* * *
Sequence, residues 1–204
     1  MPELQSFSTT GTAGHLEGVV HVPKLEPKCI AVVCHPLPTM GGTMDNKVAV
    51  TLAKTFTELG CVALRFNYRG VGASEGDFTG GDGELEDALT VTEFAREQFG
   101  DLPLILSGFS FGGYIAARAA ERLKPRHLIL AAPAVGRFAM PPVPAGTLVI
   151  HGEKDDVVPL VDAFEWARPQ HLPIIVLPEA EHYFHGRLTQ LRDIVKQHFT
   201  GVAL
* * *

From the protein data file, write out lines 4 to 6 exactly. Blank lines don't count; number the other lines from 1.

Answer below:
   101  DLPLILSGFS FGGYIAARAA ERLKPRHLIL AAPAVGRFAM PPVPAGTLVI
   151  HGEKDDVVPL VDAFEWARPQ HLPIIVLPEA EHYFHGRLTQ LRDIVKQHFT
   201  GVAL